Sunglasses are to a pilot as tanning beds are to the cast of Jersey Shore. Many — perhaps most — aviators buy expensive shades, and I understand why. It’s not just about the look (although that’s certainly important), it’s about comfort. Comfort with a headset, comfort on a 10-hour flight. It’s about preventing headaches and protecting one’s eyes when you’re above much of atmosphere and therefore exposed to more of the sun’s damaging ultraviolet radiation.
Me, I do it differently: I buy the cheapest pair I can find. It’s not that I don’t appreciate the optical clarity, build quality, and style of expensive shades. I do. But over the years I’ve developed a theorem called Ron’s Law of Sunglasses Longevity. It simply declares that the length of time a pair of glasses will last is inversely proportional to how much you paid for them. I bought a $10 pair of sunglasses at a gas station and they lasted for 6 or 7 years. On the other hand, I’ve paid $200 for a set of non-polarized Maui Jim sunglasses (polarization doesn’t mix with computerized cockpit displays) and had them disappear or break within weeks.
Not only do I lose sunglasses, but I often manage to do it in the most creative way possible. It’s almost an art form. One time I put my sunglasses and a book on the ground for a moment while I checked something on an airplane. Naturally, they were forgotten about until the main landing gear ran ’em over, shattering the polycarbonate lenses into a million pieces. Thankfully the tire was not harmed — that would have really been expensive!
Another time a famous celebrity stole my shades. I don’t want to mention any names, of course. They were one of the cheap pair from that same gas station. I had duplicates in storage for just such a scenario (at $10 a pop, even the most poorly compensated among us can afford backups), but these were record-holding in terms of how long I’d had them. It must have been eight or ten years by this point. I almost couldn’t get rid of them even if I tried. Like a bad penny, they’d somehow find their way home.
Anyway, the aircraft had a galley in the aft section and I had set my sunglasses down on the counter there while offloading some baggage from the cargo area. When I returned, they were gone. I think the flight attendant figured they belonged to one of the passengers and they had walked off with the celebrity. She tried to get them back on a subsequent leg, but in the melee of a multi-day trip it just never happened. I sometimes wonder if that celebrity isn’t wearing those sunglasses today, unaware that they were an ancient $10 Chevron special with Twilight Zone-ish longevity.
The last example — the one which prompted this post — was a wholly new and innovative way to dispose of a decent pair of specs. I’m fond of saying that every situation in life can be directly related to a Seinfeld episode, and this is no exception. If you’re a fan of the show you’ll know exactly which one I’m referring to.
We were returning from New York without any passengers, so everything was casual on board the jet. No uniforms, just a pair of jeans and a V-neck t-shirt. A couple of hours into the flight, I excused myself from the cockpit to visit the aft lavatory. As is my custom when I’m not wearing them, the sunglasses were clipped to my shirt when I entered the restroom. (You can probably guess where this is going, right?) So there I was, standing over the toilet “taking care of business” when I reached up to close a vent which was blasting cold air and somehow managed to knock the them off my shirt. The next couple of seconds passed in slow motion. The sunglasses twirled through the air, bounced off the granite counter, and completed the swan dive with a perfect hole-in-one into the bowels of the toilet.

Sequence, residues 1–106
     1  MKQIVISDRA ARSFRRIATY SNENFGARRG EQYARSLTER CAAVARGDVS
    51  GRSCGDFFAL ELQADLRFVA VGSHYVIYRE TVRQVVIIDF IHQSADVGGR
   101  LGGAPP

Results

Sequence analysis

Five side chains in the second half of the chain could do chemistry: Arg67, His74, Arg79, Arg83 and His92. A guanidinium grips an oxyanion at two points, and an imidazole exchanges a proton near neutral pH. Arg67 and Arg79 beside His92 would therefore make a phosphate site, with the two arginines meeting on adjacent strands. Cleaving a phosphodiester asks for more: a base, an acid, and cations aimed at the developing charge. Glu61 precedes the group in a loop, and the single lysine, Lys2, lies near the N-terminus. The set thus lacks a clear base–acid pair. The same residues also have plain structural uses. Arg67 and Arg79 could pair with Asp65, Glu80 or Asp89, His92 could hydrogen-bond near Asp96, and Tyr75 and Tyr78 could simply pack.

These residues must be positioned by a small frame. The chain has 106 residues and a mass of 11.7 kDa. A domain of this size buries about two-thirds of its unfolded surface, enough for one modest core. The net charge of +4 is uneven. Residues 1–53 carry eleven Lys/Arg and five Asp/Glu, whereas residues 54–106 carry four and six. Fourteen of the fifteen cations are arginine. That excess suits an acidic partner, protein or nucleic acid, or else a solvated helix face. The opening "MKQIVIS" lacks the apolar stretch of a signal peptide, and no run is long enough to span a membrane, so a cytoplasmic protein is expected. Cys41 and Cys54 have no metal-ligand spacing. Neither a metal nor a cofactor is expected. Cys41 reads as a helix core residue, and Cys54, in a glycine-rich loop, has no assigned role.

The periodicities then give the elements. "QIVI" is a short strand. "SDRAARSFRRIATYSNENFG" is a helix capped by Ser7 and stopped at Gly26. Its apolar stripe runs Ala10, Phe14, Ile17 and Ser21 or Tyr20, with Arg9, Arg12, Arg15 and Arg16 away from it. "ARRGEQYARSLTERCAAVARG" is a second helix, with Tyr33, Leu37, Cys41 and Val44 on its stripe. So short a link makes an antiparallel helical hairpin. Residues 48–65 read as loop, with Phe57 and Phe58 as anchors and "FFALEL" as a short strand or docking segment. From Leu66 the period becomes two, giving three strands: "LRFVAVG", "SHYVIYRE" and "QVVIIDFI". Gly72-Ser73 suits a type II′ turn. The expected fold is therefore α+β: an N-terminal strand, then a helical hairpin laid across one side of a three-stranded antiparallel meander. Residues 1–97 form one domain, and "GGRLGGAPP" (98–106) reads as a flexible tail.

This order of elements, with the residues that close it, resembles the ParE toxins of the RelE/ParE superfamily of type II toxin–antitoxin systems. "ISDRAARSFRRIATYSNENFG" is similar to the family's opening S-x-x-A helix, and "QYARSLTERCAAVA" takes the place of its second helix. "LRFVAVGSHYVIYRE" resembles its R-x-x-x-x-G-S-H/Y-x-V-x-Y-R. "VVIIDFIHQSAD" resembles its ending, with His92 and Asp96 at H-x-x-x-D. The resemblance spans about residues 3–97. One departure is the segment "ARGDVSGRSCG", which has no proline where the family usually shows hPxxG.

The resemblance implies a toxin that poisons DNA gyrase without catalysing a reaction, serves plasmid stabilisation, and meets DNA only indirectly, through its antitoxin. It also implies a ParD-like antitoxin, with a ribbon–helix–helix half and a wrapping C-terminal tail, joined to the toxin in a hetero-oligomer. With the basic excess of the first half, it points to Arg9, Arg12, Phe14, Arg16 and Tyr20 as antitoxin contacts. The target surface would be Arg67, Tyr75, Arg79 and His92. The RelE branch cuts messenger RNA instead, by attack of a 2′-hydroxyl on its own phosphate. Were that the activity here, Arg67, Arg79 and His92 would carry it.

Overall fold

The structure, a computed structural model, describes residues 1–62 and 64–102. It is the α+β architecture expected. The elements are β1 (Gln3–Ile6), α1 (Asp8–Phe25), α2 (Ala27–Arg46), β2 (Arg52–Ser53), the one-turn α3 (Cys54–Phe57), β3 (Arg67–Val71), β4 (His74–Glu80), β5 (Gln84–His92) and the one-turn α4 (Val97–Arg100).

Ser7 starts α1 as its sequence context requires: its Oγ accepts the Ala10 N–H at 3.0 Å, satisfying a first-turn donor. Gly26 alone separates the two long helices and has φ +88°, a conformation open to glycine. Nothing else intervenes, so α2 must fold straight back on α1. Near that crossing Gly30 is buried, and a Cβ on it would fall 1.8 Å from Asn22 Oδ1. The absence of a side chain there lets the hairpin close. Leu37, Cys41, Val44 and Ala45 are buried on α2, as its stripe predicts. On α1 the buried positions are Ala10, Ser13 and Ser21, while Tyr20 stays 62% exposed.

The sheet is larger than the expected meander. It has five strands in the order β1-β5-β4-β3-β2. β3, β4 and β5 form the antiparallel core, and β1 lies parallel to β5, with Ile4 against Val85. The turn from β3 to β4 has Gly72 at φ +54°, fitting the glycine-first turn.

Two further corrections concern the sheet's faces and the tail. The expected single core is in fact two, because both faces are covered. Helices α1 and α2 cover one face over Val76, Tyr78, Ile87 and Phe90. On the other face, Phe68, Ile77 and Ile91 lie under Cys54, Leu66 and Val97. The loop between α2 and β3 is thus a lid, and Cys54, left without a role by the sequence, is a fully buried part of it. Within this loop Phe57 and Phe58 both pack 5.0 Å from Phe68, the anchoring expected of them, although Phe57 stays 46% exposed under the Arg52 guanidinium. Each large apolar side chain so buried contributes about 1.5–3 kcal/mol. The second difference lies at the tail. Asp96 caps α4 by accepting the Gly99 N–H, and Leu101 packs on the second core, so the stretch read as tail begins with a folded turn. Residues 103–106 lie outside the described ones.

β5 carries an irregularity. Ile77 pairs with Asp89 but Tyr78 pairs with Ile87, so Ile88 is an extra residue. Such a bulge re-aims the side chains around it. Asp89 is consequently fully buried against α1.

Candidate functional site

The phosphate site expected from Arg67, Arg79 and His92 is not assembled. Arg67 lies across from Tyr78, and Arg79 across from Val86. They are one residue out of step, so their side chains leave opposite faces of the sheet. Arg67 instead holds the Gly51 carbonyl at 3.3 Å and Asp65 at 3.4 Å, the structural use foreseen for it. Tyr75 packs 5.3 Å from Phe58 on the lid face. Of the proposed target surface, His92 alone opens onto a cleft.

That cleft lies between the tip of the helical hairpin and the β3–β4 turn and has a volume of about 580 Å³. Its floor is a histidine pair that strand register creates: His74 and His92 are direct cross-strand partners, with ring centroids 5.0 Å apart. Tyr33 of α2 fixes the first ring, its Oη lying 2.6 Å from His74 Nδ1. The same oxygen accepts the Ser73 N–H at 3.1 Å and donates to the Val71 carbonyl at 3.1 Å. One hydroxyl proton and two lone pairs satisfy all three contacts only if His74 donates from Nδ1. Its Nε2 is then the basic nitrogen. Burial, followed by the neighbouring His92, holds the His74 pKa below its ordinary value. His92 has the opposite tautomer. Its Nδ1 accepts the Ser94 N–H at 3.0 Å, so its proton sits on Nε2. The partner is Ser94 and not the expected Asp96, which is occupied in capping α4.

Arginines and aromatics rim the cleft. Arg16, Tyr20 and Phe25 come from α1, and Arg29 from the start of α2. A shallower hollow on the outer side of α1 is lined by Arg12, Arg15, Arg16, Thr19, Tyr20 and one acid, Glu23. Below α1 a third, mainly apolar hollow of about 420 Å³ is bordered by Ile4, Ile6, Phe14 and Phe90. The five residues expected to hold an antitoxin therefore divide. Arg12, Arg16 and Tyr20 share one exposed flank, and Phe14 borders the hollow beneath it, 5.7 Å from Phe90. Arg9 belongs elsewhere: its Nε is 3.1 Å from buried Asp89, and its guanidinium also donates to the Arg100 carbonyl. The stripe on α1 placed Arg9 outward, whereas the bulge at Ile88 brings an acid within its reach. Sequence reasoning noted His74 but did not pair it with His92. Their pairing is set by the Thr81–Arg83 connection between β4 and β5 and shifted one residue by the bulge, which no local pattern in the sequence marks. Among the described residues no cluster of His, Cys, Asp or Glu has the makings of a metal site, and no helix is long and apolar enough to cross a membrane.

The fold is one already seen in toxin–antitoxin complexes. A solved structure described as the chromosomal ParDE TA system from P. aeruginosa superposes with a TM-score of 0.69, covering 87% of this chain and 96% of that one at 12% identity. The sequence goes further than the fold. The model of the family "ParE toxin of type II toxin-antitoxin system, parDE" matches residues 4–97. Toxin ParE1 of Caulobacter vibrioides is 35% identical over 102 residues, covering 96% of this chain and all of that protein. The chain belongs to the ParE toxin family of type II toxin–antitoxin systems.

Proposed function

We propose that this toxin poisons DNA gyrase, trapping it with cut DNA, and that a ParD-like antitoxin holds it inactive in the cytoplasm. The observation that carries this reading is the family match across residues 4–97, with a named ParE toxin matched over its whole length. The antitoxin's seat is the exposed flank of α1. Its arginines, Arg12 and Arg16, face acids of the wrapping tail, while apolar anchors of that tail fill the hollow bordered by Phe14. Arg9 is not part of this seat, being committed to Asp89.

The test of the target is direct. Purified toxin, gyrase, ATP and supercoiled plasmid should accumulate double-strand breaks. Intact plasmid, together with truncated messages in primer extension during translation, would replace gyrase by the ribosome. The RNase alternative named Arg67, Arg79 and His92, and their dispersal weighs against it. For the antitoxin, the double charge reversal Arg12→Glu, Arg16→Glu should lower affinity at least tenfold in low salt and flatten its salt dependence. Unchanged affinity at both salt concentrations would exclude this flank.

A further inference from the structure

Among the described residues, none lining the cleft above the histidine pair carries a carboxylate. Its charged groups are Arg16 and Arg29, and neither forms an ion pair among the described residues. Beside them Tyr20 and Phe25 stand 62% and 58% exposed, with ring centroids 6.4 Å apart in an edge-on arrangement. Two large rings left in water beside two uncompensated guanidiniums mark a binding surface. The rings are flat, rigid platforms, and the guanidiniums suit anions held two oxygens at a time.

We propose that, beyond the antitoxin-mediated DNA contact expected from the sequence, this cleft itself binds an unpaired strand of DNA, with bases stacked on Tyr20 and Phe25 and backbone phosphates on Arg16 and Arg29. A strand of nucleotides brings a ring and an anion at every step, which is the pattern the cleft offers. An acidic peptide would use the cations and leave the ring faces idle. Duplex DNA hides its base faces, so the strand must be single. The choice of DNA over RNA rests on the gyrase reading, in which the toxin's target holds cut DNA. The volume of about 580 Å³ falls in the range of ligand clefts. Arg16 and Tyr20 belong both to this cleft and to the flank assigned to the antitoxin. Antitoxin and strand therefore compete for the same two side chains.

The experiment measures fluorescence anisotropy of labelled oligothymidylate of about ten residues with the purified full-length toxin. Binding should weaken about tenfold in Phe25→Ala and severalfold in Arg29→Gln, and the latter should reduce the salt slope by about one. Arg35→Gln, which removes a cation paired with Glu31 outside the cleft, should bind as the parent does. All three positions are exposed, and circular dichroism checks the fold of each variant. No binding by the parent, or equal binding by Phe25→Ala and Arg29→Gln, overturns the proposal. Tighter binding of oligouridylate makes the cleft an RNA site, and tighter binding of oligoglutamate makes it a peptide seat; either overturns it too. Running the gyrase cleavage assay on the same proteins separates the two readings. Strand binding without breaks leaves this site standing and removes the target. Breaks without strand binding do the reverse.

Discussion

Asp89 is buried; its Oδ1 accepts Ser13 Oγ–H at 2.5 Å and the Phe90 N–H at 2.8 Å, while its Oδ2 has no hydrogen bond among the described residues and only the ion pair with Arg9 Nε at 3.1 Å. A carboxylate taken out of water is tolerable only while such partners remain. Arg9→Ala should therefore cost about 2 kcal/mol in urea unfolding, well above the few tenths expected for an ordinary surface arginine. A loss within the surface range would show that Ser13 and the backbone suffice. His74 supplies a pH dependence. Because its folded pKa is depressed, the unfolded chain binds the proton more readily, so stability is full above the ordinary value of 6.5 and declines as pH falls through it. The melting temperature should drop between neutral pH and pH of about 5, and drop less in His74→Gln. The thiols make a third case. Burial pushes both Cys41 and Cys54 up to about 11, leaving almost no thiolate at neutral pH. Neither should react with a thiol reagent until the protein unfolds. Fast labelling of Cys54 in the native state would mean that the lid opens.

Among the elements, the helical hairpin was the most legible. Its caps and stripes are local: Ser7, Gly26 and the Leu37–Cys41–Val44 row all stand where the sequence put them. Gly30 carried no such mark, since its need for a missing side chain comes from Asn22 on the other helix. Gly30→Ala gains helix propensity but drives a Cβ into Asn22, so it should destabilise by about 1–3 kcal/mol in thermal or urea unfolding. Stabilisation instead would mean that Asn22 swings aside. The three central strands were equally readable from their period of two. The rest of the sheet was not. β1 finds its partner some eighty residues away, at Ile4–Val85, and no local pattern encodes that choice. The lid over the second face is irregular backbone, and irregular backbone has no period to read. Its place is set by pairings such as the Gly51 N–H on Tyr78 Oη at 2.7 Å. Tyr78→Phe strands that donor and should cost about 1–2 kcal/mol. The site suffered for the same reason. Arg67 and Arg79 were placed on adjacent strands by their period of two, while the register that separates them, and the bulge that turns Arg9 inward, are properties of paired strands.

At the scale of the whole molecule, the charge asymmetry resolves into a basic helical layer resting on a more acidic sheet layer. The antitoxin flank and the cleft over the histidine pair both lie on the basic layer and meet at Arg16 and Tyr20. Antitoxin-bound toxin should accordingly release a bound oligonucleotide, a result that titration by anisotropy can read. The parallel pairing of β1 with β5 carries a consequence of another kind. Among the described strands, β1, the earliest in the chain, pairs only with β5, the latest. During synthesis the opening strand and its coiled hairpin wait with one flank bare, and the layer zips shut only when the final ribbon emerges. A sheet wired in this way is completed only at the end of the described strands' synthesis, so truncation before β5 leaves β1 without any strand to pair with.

The lav is pretty simple on a Gulfstream; it’s basically just a tank full of “blue juice”, so there wasn’t much risk of the glasses jamming up any drain lines or whatnot. The only thing down there is a valve which is manually actuated from a panel outside the aircraft. It allows the old gunk to be drained and fresh liquid pumped in by the ground service personnel.
Nevertheless, I was going to have to fess up to what I’d done. The look on my face must have said it all, because when I exited the restroom, the flight attendant asked what was wrong. I gave her the “short” version, and she proceeded to shock the hell out of me by asking in a very matter-of-fact way if I wanted her to retrieve them. I thought she was kidding, but it turns out there were long rubber gloves on hand for just such an occasion. I offered to do the dirty deed myself, but she said “no problem, it’s not the first time something’s fallen down there” and before I could even think of a clever retort she had fished them out!
I’ve given a fair number of gifts, tips, and thank-yous over the years, but I’m wondering: how much does one owe another person when they stick their hand into a dirty airplane lavatory in order to retrieve your pair of $10 sunglasses?
In case you’re wondering, the glasses were double-bagged and sealed until I got home. The next day, I thoroughly cleaned them with multiple rounds of hot water, soap, sanitizer, and anything else I could get my hands on. I half expected the metal frame to be partially dissolved or corroded by whatever was in that toilet tank, but they came out as good as new. Ron’s Law of Sunglasses Longevity at work again!
There was a definite moment of pause before putting them back on my face for the first time, but today those Chevron Special’s are back at work. I wish I knew who manufactured them, because they build a hell of a product. While they might not repel bullets the way some sunglasses do, there’s no doubting they’ve been through the proverbial wringer.